Lucy works as a salesperson for a machine-parts company in the Pacific Northwest. She has to travel a lot to make sales calls; often out of state. Because she's on the road so much, she has to eat out all the time. She's not crazy about this, because she finds it difficult to eat healthily at fast-food and quick-service restaurants.
Her company appears to understand that she and her fellow salespeople have no choice but to eat out frequently. So it allows them to expense their meals on the road. But like too many companies, this one doesn't trust Lucy or her coworkers. It's apparently concerned that they will run up obscene meal expenses at luxury restaurants (at airports and rest areas — right!). So it came up with a policy.
Under this company's meal policy, Lucy and her colleagues can expense meals under the following restrictions:
- they have to be traveling for work
- they have to be 75 miles from home, and
- they can't spend more than $17.50 per meal.
OK, now the first restriction makes sense: this is supposed to ameliorate the hassles of eating while traveling on company business.
The second restriction also seems to make sense; the company's not interested in feeding its people while they're at home. But there's an unforeseen consequence here. Much of Lucy's travel is by airplane, and she often has to leave her home early in the morning to catch her flight, making it difficult to make breakfast at home before she leaves. Ideally, she would check in at the terminal and go through airport security, and then grab some breakfast before her flight takes off. But the airport is just 22 miles from her house, so the meal policy doesn't cover her breakfast. If she wants coffee and a muffin at the airport, it's on her nickel.
The last restriction also seems to make sense, setting a spending limit to avoid excessive meal expenses. And $17.50 is probably enough to get breakfast or lunch at most quick-service places, and dinner at a fast-food joint. But the problems arise with how the policy is enforced.
To get her lunch paid for, Lucy has to charge the meal on her company-issued credit card, and then fax or scan her itemized receipt to an accounting gnome at the home office. More than once, she has received admonishing emails or phone calls from these gnomes about nonconforming meals expenses. These, not surprisingly, displease her.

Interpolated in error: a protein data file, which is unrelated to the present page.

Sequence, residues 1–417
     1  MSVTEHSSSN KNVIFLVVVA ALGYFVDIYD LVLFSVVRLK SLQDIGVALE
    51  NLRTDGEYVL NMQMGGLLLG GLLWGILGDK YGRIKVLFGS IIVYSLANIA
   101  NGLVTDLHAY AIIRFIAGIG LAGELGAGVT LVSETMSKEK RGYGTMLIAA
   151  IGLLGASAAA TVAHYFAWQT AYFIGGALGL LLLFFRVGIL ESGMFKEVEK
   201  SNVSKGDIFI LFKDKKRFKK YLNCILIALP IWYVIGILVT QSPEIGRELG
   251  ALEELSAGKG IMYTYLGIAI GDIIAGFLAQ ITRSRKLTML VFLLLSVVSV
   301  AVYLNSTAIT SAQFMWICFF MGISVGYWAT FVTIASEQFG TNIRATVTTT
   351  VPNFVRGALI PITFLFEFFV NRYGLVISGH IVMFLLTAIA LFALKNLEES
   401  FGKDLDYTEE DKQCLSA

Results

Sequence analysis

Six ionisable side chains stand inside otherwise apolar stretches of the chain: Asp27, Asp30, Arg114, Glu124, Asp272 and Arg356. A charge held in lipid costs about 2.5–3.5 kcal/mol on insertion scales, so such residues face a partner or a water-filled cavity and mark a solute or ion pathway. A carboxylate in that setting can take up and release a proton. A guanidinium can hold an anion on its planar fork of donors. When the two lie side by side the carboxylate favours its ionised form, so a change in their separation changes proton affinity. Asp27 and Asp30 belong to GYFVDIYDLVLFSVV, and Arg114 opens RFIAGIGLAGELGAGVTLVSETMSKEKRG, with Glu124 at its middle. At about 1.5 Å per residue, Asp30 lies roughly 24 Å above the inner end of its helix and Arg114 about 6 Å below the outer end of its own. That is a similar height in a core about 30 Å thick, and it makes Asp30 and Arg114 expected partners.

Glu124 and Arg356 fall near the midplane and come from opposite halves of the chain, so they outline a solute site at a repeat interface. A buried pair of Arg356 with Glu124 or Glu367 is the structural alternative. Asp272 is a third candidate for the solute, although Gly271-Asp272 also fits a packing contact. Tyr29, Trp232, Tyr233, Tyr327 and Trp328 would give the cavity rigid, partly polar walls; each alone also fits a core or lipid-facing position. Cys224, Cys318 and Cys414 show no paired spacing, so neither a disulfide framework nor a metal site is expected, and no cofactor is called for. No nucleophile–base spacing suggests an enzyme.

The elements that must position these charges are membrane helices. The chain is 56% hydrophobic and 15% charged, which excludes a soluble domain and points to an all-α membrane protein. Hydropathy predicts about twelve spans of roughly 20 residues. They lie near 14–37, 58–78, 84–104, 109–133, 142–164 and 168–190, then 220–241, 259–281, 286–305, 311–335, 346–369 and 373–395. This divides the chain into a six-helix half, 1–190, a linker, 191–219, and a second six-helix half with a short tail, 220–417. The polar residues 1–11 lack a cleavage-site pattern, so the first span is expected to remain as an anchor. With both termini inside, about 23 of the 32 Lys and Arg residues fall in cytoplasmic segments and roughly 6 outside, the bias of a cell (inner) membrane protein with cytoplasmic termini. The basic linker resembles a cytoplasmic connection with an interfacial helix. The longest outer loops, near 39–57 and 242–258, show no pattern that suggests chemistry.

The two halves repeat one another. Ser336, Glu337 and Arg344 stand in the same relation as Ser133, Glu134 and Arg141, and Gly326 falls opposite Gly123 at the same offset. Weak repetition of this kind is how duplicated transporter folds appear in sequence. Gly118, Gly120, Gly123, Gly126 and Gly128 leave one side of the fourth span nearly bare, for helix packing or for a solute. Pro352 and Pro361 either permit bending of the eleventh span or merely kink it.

Another unintended consequence: Lucy and her fellow salespeople are self-interested, like most human beings, and they are smart. They quickly learn how to game the system, and find ways to charge meals under "The Price is Right" rules: they come as close as possible to $17.50 without going over. So the company often ends up paying more for meals than it would have if it hadn't set the $17.50 limit.
But the biggest and most damaging unintended consequence is that Lucy and her colleagues resent the meal restrictions. It is an irritant to them, especially when they are waking up at five in the morning to board a crowded commuter flight to go and sell the company's machine parts. While it's impossible to measure, I'd bet you breakfast at an airport terminal that the amount they lose in forgone sales stemming from employee malaise dramatically outweighs any money the company saves on meal expenses.
Employers: resist the urge to have policies like these. Treat your employees like adults. If they spend unreasonable amounts on meals or other expenses, talk to them about it. If it's a persistent problem with a particular employee who's taking advantage of the company, fire that employee. But don't assume that all your employees are trying to bilk the company for an extra airport donut.
Notes: As you might imagine, I don't want Lucy to get fired, so I have changed some of the identifying information. But the story is true … Also, I'm no fan of nickel-and-diming, whether it's employers doing it to their employees, or lawyers doing it to their clients.